Press Releases

Maine Green Independents field slate of candidates

Following the deadline for submitting qualifying signatures, the Maine Green Independent Party has six candidates who will appear on Maine House ballots this November. This follows the early-season good news of Green Gil Harris's election to the Limerick Board of Selectmen, along with a number of other municipal candidates.

"This is an exciting group of candidates," said Maine Green Independent Party Co-Chair Niomi Larrivee, "representing the broad spectrum of voices that has been attracted to the Maine Green Independents."

The candidates for State Representative are spread throughout the length and breadth of Maine:

Andy Howard, in Kittery, District 1
Justin Reinhardt, in Limerick/Alfred/Newfield/Parsonfield/Shapleigh, District 21
Kate Schrock, in Falmouth, District 44
Kim Pfusch, in Lewiston, District 61
Robin Downs, in Hampden/Newburgh, District 101
Jaco Deertrack, in Greenville/Monson/Guilford/Parkman/Sangerville/Sebec/Shirly/Abbot/Beaver Cove/Bowerbank/Willimantic, District 119

While there may be more, and these races aren't partisan, so far the municipal candidates include Maine Green Independents:
Sam Pfeifle, School Board, MSAD15
Ben Meiklejohn, School Board, MSAD4

"Unlike some of our earlier efforts that featured strong candidates in Portland, but with few elsewhere, I am impressed with the geographic range of these six candidates," said MGIP Co-Chair Jon Olsen. "It shows that our message of fiscal responsibility, peace, justice, and ecological sanity is resonating statewide. We look forward to an exciting election year.

With its two House members, the Maine Green Independents are already the most accomplished Green Party in the U.S., and is the only globally-affiliated party electing candidates in the United States.

House Green Independent caucus elects minority leader, gets staff

(Released by House Green Independent Minority Office, Jan. 5, 2018)
House Green Independent caucus elects minority leader, gets staff

AUGUSTA--On opening day of the second session of the 128th Legislature, State Rep. Ralph Chapman (G--Brooksville) was elected Green Independent minority leader for the party's caucus in the House of Representatives. The Green Independent caucus is a new development since the closure of the first session in 2017. Chapman enrolled in the party in September, with State Rep. Henry Bear (G--Houlton Band of Maliseet Indians) later joining in November. The 128th Legislature is the first to have a Green Independent caucus since State Rep. John Eder (G--Portland) left the House of Representatives in 2006. It is also the first time the caucus has had more than one member.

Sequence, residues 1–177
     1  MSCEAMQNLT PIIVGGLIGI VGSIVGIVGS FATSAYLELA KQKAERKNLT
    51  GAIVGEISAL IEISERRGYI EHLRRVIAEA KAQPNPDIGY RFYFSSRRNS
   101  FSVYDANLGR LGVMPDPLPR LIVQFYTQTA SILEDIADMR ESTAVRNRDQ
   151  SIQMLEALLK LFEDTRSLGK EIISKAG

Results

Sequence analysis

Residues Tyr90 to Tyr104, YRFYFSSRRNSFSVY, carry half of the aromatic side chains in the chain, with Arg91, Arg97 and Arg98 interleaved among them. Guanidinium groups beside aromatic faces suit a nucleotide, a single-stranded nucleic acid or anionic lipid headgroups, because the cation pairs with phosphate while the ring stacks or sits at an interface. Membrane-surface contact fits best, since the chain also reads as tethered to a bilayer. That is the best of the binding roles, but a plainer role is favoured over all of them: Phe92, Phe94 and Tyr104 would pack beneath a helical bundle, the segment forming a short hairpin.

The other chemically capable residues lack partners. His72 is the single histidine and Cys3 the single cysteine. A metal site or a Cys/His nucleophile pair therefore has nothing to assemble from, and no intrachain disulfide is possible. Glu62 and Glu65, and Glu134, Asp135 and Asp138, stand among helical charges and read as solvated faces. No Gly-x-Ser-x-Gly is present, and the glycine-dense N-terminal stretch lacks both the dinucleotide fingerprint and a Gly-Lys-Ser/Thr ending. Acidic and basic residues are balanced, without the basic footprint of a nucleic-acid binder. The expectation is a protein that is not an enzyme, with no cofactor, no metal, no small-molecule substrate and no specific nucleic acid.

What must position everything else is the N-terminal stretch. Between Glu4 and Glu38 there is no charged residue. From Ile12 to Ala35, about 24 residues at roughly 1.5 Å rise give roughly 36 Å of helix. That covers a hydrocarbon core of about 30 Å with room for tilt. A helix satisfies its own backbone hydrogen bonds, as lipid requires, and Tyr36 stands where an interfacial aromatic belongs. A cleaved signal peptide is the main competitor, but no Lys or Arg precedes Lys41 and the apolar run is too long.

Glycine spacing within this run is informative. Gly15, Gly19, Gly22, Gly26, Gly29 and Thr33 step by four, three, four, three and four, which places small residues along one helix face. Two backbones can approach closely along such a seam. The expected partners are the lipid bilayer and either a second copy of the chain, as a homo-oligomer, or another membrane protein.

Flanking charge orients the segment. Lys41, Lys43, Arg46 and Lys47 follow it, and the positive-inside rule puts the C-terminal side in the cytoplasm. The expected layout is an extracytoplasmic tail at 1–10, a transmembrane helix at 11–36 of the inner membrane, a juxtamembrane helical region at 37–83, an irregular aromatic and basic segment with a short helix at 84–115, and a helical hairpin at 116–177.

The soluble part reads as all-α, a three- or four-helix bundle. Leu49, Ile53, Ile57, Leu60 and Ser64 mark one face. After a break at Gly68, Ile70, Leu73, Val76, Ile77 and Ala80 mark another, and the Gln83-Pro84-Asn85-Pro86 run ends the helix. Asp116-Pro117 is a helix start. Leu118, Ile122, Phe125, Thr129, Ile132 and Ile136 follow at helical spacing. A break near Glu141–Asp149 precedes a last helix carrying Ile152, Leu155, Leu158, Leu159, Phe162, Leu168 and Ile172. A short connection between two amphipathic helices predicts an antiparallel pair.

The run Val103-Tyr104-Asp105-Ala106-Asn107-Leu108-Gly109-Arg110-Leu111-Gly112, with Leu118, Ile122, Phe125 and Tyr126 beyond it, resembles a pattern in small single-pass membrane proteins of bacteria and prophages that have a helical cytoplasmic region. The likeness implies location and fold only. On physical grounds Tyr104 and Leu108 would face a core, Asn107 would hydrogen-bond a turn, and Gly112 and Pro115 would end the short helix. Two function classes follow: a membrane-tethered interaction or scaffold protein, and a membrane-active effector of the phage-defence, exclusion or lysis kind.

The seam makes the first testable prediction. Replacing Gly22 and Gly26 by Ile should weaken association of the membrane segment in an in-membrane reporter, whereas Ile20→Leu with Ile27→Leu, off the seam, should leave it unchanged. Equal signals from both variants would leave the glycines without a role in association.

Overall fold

Chapman said the Green Independents will primarily caucus with Independent representatives. Combined, the Independent and Green Independent caucuses share the balance of power between Democrats and Republicans. However, Chapman said the Green Independent caucus may choose to voice its positions if and when he and Bear agree it is appropriate.

The Executive Council has provided the caucus with its own staff, legislative aide Benjamin Meiklejohn, who began work on opening day, Jan. 3. Meiklejohn also serves as secretary for the Green Independent Party state committee, and has served two elected terms on the Portland School Committee. Meiklejohn will share office space with the Independent caucus's staff.

For more information, contact the Green Independent Minority Office via Chapmanor at 1-800-423-2900 or This email address is being protected from spambots. You need JavaScript enabled to view it..

Greens say tax break must not continue

Friday, Dec. 14, 2017
Greens say BIW tax break must not continue
AUGUSTA -- The Maine Green Independent Party opposes a proposed tax break for Bath Iron Works, the shipbuilding facility in Bath owned by General Dynamics.
The Legislative Council agreed last month to allow LR 2789, sponsored by Rep. Jennifer DeChant, D-Bath, to be considered in the next legislative session. It would extend Maine's Shipbuilding Facility Credit, which has delivered BIW a $3.5 million tax break annually since the 1990s.
Greens, including gubernatorial candidate Betsy Marsano, say this must not happen “LR 2789 is just another mechanism to socialize investment while privatizing profits," said Marsano. "Recent economic data point to small businesses, entrepreneurs and small farms as our major growth markets. We need to develop economic policies that foster and promote long-term financial stability in communities all across the state, not subsidize multi-billion-dollar corporations.”